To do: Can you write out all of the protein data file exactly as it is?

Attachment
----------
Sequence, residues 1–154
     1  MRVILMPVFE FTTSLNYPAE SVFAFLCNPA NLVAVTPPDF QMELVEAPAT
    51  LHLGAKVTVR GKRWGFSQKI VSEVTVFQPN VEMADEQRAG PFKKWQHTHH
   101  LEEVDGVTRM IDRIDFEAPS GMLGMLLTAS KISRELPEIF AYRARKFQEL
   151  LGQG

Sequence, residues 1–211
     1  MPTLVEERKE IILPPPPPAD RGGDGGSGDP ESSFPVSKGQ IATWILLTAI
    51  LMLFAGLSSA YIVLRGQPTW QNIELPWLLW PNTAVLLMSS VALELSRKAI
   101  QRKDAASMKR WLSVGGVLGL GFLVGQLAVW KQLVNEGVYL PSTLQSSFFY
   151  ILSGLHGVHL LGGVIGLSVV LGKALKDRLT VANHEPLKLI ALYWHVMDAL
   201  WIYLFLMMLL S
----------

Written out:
Sequence, residues 1–154
     1  MRVILMPVFE FTTSLNYPAE SVFAFLCNPA NLVAVTPPDF QMELVEAPAT
    51  LHLGAKVTVR GKRWGFSQKI VSEVTVFQPN VEMADEQRAG PFKKWQHTHH
   101  LEEVDGVTRM IDRIDFEAPS GMLGMLLTAS KISRELPEIF AYRARKFQEL
   151  LGQG

Sequence, residues 1–211
     1  MPTLVEERKE IILPPPPPAD RGGDGGSGDP ESSFPVSKGQ IATWILLTAI
    51  LMLFAGLSSA YIVLRGQPTW QNIELPWLLW PNTAVLLMSS VALELSRKAI
   101  QRKDAASMKR WLSVGGVLGL GFLVGQLAVW KQLVNEGVYL PSTLQSSFFY
   151  ILSGLHGVHL LGGVIGLSVV LGKALKDRLT VANHEPLKLI ALYWHVMDAL
   201  WIYLFLMMLL S